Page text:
Patti Gander

When I was younger, I wanted to be Angie Dickinson, who helped redefine women’s roles on television with her progressive character as a policewoman in the 70s. As I got older, I realized that becoming Angie wasn’t an option for me, however, manufacturing became a huge interest to me because of my father. My father worked in maintenance at a manufacturing company and I would go with him to work on the weekends, so this means I’ve been working in manufacturing since I was four.

Once when I was shadowing my dad, a guy from corporate came down and invited all the guys to play golf. This allowed me to speak up, which translated to my career in the future, and I stated that if he was going to exclude me, he’d have to pick a better reason. This moment symbolized how I dealt with any barrier in the future –– I would learn anything I could, which taught me that I have a love for learning and teaching. Manufacturing is still predominantly men, but the women that are in this field are making an impact and shaking up the industry. I believe that if there are more women in the industry, then fewer people will see gender and will only see great and talented individuals. I encourage women to work in manufacturing because it’s a field where there is no limit for growth and opportunity –– you can do and be anything if you put in the effort.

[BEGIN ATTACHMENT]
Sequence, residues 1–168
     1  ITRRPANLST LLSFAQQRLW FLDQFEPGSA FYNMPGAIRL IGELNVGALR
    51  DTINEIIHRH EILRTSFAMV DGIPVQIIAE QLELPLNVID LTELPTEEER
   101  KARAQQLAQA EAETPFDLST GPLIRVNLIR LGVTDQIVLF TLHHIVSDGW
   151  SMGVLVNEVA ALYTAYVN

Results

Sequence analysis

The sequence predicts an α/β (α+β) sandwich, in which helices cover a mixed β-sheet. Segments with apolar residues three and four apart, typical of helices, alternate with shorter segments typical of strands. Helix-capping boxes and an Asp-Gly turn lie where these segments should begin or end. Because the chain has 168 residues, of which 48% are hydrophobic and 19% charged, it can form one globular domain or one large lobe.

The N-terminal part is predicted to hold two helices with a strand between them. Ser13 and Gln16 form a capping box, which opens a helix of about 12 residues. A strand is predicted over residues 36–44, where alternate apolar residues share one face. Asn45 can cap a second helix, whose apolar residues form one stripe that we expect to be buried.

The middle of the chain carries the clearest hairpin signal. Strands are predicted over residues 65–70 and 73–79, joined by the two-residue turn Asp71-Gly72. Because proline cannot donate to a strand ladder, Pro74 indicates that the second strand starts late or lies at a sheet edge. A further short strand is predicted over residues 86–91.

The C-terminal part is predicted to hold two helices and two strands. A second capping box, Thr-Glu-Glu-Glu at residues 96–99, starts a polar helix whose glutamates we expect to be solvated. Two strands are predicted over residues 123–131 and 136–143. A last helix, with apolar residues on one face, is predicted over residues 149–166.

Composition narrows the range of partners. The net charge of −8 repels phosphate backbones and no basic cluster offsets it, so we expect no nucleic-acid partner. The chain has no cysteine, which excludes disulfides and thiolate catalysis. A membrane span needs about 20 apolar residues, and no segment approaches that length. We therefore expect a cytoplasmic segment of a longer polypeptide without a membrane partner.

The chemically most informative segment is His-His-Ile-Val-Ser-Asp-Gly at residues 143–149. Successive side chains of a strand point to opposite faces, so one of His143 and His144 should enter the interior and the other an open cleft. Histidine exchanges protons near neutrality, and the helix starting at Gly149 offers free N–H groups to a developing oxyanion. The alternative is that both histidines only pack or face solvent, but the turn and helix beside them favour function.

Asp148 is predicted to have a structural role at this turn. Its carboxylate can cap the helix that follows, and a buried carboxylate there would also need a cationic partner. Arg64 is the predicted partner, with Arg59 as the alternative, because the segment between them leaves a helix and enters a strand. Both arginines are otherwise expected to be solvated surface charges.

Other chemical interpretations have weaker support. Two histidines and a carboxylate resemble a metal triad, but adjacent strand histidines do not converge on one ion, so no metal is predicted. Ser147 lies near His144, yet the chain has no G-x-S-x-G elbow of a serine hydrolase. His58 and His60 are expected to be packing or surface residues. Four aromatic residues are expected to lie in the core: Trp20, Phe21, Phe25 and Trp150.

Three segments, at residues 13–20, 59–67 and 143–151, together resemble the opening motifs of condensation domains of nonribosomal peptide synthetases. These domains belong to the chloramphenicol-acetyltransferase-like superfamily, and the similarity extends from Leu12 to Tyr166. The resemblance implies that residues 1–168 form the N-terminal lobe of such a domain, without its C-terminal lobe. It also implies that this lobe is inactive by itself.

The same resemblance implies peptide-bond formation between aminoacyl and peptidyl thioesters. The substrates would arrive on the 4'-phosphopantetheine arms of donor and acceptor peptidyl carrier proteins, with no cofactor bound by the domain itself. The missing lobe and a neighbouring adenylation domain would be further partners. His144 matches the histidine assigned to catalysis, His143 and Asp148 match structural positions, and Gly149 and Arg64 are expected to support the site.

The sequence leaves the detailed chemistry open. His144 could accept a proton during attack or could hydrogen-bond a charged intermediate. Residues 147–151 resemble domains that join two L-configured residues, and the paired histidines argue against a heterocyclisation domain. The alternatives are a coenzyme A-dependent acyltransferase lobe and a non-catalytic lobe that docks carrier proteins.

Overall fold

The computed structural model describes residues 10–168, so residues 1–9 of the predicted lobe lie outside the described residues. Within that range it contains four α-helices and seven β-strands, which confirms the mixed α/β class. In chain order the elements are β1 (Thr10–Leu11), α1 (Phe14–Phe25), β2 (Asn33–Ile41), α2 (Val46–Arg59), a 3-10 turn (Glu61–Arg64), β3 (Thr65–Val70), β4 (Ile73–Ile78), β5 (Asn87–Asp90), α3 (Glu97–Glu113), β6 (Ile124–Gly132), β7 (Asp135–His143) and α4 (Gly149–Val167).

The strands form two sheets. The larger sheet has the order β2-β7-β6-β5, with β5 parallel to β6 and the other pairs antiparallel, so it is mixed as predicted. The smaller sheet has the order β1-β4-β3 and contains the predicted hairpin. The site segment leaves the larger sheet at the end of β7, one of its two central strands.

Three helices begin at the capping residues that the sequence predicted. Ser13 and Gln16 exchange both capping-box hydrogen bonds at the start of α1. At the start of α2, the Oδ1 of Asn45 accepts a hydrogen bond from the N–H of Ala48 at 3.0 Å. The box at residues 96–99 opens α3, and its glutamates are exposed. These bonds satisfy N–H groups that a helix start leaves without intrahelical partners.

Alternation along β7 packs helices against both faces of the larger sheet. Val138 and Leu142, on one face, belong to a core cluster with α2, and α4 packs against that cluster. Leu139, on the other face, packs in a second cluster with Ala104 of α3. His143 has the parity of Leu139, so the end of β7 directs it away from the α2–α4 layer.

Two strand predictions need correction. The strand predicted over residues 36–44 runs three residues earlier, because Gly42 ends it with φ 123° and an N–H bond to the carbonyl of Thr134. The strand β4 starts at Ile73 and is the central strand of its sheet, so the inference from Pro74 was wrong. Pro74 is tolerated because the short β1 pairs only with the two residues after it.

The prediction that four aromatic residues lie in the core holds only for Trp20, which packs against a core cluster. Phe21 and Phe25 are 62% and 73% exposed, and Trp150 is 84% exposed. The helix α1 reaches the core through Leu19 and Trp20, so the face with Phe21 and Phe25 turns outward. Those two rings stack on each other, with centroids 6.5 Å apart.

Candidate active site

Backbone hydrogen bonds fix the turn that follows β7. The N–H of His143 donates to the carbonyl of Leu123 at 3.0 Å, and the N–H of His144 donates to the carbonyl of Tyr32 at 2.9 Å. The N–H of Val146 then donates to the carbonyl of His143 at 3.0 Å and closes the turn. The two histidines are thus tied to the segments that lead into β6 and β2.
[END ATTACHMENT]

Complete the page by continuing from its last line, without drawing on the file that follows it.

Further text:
Patti Gander has been a Business Advisor for FloridaMakes since 2017 and serves as the Executive Director for the Manufacturing and Supply Chain Alliance of Missouri-Florida and she holds a B.S in Business, an MBA and a M.S in Management with a focus on Leadership and Organizational Development. Side note, she is a lead six sigma black belt. You can reach her at

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